Slumgullion (sluhm-guhl-yuhn). Does it mean …
1. a stew of meat, vegetables, potatoes, etc.
2. a beverage made weak or thin, as watery tea, coffee, or the like.
3. the refuse from processing whale carcasses.
4. a reddish, muddy deposit in mining sluices.
A decade later, “slumgullion” was used to refer to watery refuse from processing whale blubber. Okay. Not edible. It was also used to refer to the muddy sludge created by mining operations. Still not. The earliest use of it as a weak stew is found in 1902 in Jack London’s “Daughter of the Snows.” Slumgullion a weak stew? Who knew!?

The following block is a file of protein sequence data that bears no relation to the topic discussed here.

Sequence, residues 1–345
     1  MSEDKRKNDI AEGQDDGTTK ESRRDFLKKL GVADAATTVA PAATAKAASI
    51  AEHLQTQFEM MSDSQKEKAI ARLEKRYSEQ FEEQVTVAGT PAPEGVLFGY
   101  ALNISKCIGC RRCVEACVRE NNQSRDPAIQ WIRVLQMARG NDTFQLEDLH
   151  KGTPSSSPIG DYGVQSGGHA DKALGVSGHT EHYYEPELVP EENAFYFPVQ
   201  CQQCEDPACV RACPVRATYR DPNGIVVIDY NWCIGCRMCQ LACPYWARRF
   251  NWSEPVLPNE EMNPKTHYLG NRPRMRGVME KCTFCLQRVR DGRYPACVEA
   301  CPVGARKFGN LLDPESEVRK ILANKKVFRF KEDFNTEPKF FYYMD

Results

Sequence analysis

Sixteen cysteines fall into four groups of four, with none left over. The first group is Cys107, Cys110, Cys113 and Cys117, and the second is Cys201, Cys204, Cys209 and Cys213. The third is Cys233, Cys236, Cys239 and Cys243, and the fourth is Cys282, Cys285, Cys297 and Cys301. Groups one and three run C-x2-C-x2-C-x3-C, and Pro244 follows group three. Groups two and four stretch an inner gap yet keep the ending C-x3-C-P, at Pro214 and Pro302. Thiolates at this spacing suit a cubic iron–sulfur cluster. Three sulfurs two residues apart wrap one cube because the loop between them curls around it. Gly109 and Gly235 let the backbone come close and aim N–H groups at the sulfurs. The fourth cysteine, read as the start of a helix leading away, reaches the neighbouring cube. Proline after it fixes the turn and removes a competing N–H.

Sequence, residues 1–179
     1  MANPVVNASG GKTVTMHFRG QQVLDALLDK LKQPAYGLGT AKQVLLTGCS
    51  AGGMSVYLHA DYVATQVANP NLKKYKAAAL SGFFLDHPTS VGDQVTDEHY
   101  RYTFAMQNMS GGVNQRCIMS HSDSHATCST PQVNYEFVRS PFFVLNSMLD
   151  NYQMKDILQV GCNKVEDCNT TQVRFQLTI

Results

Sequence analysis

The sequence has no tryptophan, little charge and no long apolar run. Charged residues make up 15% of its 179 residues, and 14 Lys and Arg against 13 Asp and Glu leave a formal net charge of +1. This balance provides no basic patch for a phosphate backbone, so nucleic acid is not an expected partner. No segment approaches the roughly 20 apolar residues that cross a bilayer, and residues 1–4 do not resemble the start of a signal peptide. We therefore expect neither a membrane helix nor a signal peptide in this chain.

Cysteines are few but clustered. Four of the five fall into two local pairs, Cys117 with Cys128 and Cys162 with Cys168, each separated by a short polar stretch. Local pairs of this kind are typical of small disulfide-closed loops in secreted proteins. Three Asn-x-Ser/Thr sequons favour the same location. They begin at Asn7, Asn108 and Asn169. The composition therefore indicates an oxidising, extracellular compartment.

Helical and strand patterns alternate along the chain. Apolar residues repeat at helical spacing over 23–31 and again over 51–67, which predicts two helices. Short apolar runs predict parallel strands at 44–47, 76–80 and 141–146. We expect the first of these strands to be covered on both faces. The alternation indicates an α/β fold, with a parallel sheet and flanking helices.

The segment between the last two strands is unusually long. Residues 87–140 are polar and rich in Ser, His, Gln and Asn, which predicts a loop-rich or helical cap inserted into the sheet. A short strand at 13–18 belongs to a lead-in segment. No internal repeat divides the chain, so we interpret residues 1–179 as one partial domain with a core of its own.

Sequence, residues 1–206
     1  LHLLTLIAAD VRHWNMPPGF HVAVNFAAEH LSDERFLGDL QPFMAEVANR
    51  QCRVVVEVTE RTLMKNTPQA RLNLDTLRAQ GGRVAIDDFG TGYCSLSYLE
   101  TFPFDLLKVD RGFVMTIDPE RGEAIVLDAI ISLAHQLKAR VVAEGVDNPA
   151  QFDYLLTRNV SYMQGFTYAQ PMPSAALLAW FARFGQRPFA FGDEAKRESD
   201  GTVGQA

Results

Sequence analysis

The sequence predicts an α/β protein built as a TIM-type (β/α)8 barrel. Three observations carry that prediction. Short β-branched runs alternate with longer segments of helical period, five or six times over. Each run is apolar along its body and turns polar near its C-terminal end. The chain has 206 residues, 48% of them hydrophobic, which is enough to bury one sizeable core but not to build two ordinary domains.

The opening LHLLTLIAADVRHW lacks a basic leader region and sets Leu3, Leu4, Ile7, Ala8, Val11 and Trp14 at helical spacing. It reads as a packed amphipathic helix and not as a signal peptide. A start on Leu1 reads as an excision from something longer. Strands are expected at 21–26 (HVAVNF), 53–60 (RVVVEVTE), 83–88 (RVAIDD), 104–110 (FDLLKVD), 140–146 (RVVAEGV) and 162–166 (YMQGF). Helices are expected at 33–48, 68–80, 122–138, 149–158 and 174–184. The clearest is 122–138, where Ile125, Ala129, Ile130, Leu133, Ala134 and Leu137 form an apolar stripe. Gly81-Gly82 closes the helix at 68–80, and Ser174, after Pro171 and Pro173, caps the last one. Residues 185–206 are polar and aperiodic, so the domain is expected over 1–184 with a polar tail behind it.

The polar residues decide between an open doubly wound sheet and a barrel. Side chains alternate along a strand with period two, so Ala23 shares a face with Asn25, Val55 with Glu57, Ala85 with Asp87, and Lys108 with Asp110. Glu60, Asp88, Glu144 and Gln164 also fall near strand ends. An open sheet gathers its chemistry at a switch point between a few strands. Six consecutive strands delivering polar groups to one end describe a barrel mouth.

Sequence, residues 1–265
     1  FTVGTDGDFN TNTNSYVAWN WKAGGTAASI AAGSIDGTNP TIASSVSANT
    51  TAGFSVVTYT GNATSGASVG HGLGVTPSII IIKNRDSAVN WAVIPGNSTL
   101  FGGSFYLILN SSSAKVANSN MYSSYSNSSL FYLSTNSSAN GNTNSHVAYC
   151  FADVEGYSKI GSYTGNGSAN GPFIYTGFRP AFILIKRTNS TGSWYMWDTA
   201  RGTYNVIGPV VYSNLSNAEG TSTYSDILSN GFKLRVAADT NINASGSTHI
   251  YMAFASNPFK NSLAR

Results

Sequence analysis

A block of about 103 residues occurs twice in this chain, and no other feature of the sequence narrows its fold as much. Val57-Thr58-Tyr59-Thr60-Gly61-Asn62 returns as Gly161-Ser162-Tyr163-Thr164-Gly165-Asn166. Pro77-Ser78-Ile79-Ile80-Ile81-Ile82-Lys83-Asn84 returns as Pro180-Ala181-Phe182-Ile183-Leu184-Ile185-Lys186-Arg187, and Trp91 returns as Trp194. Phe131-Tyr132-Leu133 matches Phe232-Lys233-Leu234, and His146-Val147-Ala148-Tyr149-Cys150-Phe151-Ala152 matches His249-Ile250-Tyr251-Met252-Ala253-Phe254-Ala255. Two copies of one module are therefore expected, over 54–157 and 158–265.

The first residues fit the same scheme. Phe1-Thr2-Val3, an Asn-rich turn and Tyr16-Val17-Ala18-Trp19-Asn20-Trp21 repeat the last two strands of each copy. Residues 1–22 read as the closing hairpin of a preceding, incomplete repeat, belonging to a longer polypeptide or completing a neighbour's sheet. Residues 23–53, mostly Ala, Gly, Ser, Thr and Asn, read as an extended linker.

It doesn’t sound like something you’d want to eat but hey, I’m going to try it on my husband today. “What you got cookin’ in the kitchen sweetie?”
“Oh, just a simple pot of whale blubber.”
In reality, I made bone broth yesterday. Today, I’ll add some veggies and call it Sunday Supper Stew, er, I mean, Sunday Supper Slumgullion. I imagine I’ll have some explaining to do.